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Colonial crimes

Historical guilt

Between 1904 and 1908, German soldiers in the colony German South West Africa, which is contemporary Namibia, committed the first genocide of the 20th century. Approximately 65,000 to 85,000 people were killed. Around 80 percent of the Herero and 50 percent of the Nama people lost their lives.
Herero chiefs on a memorial march in Okahandja, Namibia. Frans Lemmens/Lineair Herero chiefs on a memorial march in Okahandja, Namibia.

Recognition, apology and compensation are the core concepts of a German politics of memory, which itself is a key component of post-war German identity. This approach proved valuable in the reconciliation with victims of Nazism. However, the debate regarding the genocide committed by German soldiers in Namibia continues. In this case, a responsible handling of history appears to require yet another struggle over history and its current ramifications. Herero and Nama organisations have brought a suit against Germany with a New York court, suing for recognition of the genocide.

In October 1904, Lothar von Trotha, the commander-in-chief of the German colonial protection force in German South West Africa, informed the Herero people in a letter that they were no longer German subjects and therefore had to leave the country: „Within German borders, every Herero, with or without a gun, with or without cattle, will be shot. I’m not taking in any women or children; they will be driven back to their people, or they will be shot.”

This shoot-to-kill order served as basis for the first genocide of the 20th century. It documents the intent of annihilation of all Herero and later also Nama. At the same time, even in the context of colonial mass murder, Trotha tried to keep up pretences: In an order of the day, only directed to the troops, the general explained that  German soldiers should only fire above the heads of women and children, in order to drive them away and thus preserve the “good reputation” of the troops.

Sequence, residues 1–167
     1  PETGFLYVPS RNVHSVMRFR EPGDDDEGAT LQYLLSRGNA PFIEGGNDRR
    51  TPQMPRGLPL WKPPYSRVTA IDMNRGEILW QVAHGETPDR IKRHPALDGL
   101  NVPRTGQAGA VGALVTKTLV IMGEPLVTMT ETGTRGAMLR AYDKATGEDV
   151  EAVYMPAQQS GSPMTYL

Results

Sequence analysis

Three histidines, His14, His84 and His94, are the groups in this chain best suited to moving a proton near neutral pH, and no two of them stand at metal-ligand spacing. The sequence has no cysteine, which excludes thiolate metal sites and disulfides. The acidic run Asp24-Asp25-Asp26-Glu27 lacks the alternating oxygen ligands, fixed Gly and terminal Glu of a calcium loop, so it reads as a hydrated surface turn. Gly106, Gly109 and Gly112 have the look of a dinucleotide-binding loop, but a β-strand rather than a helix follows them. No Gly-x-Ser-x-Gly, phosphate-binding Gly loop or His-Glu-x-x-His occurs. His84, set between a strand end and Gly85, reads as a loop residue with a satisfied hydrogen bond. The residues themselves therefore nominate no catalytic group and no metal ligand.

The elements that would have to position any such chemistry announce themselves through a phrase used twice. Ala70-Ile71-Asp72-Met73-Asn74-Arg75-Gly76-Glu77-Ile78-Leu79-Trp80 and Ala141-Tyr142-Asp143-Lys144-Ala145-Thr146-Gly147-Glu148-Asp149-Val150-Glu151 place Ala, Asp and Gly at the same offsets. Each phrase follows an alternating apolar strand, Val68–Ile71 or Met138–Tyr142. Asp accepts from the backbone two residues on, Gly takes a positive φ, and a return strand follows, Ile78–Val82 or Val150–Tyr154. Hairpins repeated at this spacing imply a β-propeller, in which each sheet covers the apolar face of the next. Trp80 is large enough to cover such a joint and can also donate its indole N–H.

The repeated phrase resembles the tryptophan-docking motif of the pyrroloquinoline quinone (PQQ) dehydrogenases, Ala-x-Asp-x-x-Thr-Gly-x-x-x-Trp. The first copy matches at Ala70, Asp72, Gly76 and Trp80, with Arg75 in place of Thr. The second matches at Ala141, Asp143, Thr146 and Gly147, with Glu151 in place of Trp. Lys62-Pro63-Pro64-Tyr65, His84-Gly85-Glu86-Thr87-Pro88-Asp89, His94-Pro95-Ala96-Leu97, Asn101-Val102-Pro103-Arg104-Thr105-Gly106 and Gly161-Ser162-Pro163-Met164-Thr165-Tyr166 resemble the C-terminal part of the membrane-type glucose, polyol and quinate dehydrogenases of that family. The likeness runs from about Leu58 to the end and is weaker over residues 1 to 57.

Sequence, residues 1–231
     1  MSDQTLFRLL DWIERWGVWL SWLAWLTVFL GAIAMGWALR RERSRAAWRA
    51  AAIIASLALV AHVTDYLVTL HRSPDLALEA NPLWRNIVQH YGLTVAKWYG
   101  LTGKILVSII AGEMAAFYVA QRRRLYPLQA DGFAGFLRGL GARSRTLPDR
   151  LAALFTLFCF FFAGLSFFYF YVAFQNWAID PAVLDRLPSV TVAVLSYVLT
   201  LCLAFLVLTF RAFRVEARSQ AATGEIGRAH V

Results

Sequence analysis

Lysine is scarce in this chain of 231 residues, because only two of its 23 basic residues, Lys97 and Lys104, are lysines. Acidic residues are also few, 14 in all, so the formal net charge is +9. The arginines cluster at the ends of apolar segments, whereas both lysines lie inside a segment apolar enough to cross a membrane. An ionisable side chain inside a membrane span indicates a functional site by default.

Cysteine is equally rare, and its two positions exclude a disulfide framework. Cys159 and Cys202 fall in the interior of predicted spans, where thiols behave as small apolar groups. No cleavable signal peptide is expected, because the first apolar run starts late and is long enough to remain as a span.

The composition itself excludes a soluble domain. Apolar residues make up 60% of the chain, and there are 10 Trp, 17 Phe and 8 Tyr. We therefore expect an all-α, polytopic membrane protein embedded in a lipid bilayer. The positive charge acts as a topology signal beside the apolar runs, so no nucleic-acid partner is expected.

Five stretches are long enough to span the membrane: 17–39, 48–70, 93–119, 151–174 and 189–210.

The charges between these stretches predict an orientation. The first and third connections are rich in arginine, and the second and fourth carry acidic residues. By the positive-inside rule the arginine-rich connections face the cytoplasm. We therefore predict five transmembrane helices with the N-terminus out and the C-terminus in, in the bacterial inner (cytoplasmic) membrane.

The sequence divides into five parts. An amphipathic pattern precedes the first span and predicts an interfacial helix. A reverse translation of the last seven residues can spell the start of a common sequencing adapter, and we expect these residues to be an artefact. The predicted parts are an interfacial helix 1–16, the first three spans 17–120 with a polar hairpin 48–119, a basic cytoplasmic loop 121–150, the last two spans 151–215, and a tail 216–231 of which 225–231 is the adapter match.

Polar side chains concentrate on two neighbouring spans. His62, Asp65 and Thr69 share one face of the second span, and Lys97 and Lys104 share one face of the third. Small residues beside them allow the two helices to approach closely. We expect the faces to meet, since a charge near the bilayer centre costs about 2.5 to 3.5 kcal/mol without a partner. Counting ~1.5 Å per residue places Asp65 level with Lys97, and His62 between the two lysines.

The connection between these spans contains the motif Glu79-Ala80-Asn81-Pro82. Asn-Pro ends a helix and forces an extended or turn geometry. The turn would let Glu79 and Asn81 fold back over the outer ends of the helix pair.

This order of the day, however, was cynical, as the historian Jürgen Zimmerer explains: „Retreating meant death by thirst,” because the colonial powers had organised the displacement. The Herero were already pushed back into the Omaheke desert where German troops occupied the water holes – the refugees were meant to die of thirst.

Trotha’s doublespeak expressed colonial arrogance: He didn’t consider well-planned mass murder as problematic, but a massacre committed against women and children would have tainted the German prestige in the world.

In December 1904 the government of the Reich cancelled this firing order. At this point in time, a majority of the displaced Herero had already died in the desert. In a telegram on 11 December 1904, Imperial Chancellor Bernhard von Bülow gave the instruction to intern „the rests of the Herero people“ in „concentration camps“ – this was the first time that a German government used this term (see box). In German South West Africa only half of the internees survived.

Consequences of the genocide

In the war years 1904 to 1908, an estimated 65,000 to 85,000 people were killed in this act of planned mass murder. The consequences of displacement and genocide are still pervasive in  Namibia today: A great part of the fertile land is owned by white Namibians, mostly of German origin (see Henning Melber in D+C/E+Z e-Paper 2017/07, p. 29).

For a long time, the post-war German government did not recognise the colonial wars as genocide. In 2004, Heidemarie Wieczorek-Zeul, then the federal minister for economic cooperation and development, said: “In the sense of our common Lord’s Prayer, I ask for forgiveness of our trespasses.” The government immediately declared this indirect admission of guilt as a “private opinion”. There was great concern that an official concession would trigger reparation demands. German historians and civil-society activists, however, have for over 20 years classified the war and killings as genocide and demand its official acknowledgment.